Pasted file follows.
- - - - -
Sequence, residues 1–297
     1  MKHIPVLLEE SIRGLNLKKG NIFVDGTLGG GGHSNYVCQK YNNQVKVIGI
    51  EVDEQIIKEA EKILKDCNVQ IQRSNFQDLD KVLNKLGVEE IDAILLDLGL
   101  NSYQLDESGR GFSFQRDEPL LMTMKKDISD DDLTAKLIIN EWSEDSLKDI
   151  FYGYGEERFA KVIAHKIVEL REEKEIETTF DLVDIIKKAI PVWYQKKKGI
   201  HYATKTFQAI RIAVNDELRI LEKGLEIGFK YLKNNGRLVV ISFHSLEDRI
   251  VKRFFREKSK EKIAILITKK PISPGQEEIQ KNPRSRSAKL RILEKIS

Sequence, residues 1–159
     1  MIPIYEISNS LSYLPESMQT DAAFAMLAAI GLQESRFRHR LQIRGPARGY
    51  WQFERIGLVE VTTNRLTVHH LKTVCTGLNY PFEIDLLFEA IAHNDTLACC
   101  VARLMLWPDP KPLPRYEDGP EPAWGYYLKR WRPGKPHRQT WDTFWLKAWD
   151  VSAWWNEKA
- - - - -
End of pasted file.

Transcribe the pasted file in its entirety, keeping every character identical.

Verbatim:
Sequence, residues 1–297
     1  MKHIPVLLEE SIRGLNLKKG NIFVDGTLGG GGHSNYVCQK YNNQVKVIGI
    51  EVDEQIIKEA EKILKDCNVQ IQRSNFQDLD KVLNKLGVEE IDAILLDLGL
   101  NSYQLDESGR GFSFQRDEPL LMTMKKDISD DDLTAKLIIN EWSEDSLKDI
   151  FYGYGEERFA KVIAHKIVEL REEKEIETTF DLVDIIKKAI PVWYQKKKGI
   201  HYATKTFQAI RIAVNDELRI LEKGLEIGFK YLKNNGRLVV ISFHSLEDRI
   251  VKRFFREKSK EKIAILITKK PISPGQEEIQ KNPRSRSAKL RILEKIS

Sequence, residues 1–159
     1  MIPIYEISNS LSYLPESMQT DAAFAMLAAI GLQESRFRHR LQIRGPARGY
    51  WQFERIGLVE VTTNRLTVHH LKTVCTGLNY PFEIDLLFEA IAHNDTLACC
   101  VARLMLWPDP KPLPRYEDGP EPAWGYYLKR WRPGKPHRQT WDTFWLKAWD
   151  VSAWWNEKA